How much will your water heater installation or replacement cost?

Ashburn, VA 20149

Water Heater Specialists on Thumbtack cost$70 - $100

Average fixed price

  • Lowest price:$30
  • Most common low price:$70
  • Most common high price:$100
  • Highest price:$350

How much does it cost to replace a water heater?

By Kristy Snyder

The average national water heater replacement cost ranges between $1,726 and $2,587. Of course, there are many different types of water heaters, and costs vary accordingly. For example, you can expect to pay $1,623-$2,420 for a 50-gallon gas water heater and $1,459-$2,177 for a 50-gallon electric water heater.

Water heater replacement cost:

National average cost range


Average low-end cost range


Average high-end cost range


All prices include labor and materials.

The cost to install your water heater can also vary depending on where you live. Pros in high-demand areas might charge more. That's why it's best to get an accurate look at local pricing by contacting contractors near you.

To help you prepare for your project, we'll cover some of the various cost intricacies below.

Gas water heater replacement cost:

Gallon capacity

National average cost range

40 gallon


50 gallon


60 gallon


75 gallon


All prices include labor and materials.

Gas water heaters tend to be slightly more expensive than electric water heaters upfront. However, they'll usually save you money on utilities in the long run. Learn more about your local gas water heater replacement cost when you contact an area pro.

Get a free estimate from a great water heater specialist near you.

Electric water heater cost:

Gallon capacity

National average cost range

40 gallon


50 gallon


60 gallon


80 gallon


All prices include labor and materials.

Electric water heaters are usually cheaper to buy and install. However, they tend to have higher operating costs. To know for sure what you can expect to pay, get a free estimate now from a contractor in your area.

Tankless water heater cost:

National average cost range


Average low-end cost range


Average high-end cost range


All prices include labor and materials.

Tankless water heaters heat water on demand, helping to reduce energy usage by as much as 34%. However, you'll notice that tankless water heater installation costs are slightly more expensive than traditional water heaters (also called "storage tank water heaters").

Of course, your local pros can paint a clearer picture of what you'll pay — get in touch with a top-rated contractor now.

Compare prices from water heater specialists near you.

Cost breakdown for installing a new water heater.

When you're installing a new water heater, many different things can affect the cost. Here's a look at some of the most common factors in determining the final price.

Labor costs and service fees.

Typically, installing a water heater takes a skilled laborer approximately two to three hours. That time might increase if the water heater is hard to access. Plumbers may charge you on an hourly rate or a per-project rate.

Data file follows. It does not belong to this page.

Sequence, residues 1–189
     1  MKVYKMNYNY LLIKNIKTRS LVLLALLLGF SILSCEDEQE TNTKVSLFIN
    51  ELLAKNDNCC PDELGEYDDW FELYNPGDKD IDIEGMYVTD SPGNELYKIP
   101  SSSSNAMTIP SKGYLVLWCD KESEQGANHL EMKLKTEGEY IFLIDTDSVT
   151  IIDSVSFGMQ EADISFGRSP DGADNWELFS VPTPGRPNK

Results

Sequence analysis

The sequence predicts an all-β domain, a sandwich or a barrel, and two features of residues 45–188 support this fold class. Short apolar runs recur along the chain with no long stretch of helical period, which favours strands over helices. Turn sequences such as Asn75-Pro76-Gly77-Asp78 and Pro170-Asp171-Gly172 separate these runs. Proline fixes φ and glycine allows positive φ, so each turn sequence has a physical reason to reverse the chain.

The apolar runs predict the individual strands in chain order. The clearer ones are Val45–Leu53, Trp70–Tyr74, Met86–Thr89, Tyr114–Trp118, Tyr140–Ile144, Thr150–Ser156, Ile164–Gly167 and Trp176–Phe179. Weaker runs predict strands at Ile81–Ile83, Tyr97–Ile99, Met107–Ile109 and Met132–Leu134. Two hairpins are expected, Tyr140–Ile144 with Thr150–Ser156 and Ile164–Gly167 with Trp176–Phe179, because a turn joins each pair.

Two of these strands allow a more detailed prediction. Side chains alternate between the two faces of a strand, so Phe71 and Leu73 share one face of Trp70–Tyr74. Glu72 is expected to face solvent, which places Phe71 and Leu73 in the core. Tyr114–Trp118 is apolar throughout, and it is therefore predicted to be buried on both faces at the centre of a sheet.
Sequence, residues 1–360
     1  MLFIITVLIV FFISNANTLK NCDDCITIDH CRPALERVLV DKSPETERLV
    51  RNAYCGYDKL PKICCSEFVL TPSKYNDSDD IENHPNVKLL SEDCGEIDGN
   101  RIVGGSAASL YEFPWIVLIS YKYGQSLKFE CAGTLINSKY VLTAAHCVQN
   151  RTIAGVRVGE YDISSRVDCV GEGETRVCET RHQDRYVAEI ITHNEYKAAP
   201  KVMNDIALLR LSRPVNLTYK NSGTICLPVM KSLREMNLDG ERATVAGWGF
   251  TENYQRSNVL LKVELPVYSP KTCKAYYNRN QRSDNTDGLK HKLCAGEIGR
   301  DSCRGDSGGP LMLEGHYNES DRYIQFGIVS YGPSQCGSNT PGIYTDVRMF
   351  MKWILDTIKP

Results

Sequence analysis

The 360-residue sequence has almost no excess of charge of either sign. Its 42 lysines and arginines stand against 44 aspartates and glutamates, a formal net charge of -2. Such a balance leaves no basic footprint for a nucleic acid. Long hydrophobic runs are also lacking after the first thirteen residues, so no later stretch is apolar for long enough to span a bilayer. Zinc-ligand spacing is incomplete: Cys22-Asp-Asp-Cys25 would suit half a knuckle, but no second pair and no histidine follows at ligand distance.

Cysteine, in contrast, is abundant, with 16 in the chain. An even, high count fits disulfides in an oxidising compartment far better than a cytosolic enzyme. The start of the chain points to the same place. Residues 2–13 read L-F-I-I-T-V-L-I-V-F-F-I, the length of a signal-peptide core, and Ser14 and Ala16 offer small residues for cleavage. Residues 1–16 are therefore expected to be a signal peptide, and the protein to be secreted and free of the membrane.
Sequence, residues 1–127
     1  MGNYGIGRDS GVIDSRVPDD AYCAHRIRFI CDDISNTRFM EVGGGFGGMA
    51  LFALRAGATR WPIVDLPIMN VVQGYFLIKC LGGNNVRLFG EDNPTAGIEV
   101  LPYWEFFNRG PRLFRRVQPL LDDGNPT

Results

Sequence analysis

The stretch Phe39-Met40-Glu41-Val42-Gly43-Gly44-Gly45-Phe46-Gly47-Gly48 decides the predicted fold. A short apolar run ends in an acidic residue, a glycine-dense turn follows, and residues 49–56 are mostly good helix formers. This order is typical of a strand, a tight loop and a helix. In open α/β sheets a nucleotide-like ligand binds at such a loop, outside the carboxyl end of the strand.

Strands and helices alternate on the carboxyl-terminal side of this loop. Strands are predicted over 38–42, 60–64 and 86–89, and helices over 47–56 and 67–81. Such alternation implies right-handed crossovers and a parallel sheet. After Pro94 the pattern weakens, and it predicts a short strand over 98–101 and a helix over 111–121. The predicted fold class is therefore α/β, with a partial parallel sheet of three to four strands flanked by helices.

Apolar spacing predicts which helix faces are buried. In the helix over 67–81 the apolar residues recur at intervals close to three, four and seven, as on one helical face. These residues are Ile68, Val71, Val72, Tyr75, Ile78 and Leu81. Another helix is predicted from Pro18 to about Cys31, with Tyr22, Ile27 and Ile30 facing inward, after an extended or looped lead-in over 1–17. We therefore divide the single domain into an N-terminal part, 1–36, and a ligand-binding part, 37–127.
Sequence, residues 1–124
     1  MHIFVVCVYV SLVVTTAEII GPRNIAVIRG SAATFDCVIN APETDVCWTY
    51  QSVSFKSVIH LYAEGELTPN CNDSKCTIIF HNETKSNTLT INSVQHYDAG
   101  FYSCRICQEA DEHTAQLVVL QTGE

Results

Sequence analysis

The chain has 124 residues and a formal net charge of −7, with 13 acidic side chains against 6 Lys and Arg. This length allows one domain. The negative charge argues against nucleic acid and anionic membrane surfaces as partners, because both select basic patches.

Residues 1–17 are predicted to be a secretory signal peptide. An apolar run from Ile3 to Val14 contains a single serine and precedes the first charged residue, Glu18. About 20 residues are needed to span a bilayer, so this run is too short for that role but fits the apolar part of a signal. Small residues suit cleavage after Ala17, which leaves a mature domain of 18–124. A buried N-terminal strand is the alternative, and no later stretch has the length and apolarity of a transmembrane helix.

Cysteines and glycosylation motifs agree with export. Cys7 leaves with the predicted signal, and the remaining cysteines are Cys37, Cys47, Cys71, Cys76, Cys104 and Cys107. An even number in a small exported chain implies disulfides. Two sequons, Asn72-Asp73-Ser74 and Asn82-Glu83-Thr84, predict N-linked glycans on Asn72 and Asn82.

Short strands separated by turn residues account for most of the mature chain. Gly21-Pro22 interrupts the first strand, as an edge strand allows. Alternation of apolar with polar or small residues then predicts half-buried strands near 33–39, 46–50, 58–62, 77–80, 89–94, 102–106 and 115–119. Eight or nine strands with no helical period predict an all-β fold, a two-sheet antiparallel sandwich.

If you're working with a professional on an hourly rate, make sure the area around the heater is clear. That way, they don't have to waste time moving things around and can get right to work.

Water heater type and fuel source.

As you've noticed above, electric water heaters tend to be the most affordable, followed by gas water heaters. Tankless units are usually more expensive to buy.

It's also worth considering your water heater's ongoing operating cost. This cost is often determined by the fuel type. In general, electric water heaters have higher operating costs compared to natural gas water heaters. But you'll need to research the cost of electricity and gas in your area to determine which option is more affordable.

Equipment costs.

You also have to consider any additional materials needed for installation, such as pipes, fittings, and valves. As an example, flexible copper lines threaded on both ends can be cheaper than soldered solid copper screwed onto a pipe nipple.

Existing water heater removal.

If you're replacing an old water heater, you'll need to consider the cost of removing the existing unit. This includes disconnecting and disposing of the old water heater. The cost of water heater removal can be around $100 to have a company dispose of it for you.

Some recycling centers may offer a small payment for the old tank, which can offset the disposal cost.

Electrical hookups.

Electrical water heaters will require a special circuit. Most homes have a standard 120-volt circuit. However, most electric water heaters require a 240-volt circuit and a dedicated breaker.

If you already have an electric water heater and you're swapping it out for a new one, you should be in good shape. But if you don't have this type of wiring, you'll have to pay an electrician to come and set it up for you.

Gas hookups.

Likewise, gas models require a gas line connection to ensure they're getting fuel. Because they're burning fuel, they also need proper ventilation to prevent a buildup of toxic fumes. Setting up this ventilation can be costly, as it might require putting a hole in your walls and installing a new hood.

New home installation vs. remodel.

If you're installing a new water heater in a newly constructed home, the installation may be simpler and more cost-effective as the necessary infrastructure can be planned from the beginning. In contrast, if you're replacing a water heater during a remodel, you'll have to work around existing structures and plumbing, which can be more time-consuming and expensive.

Permit costs.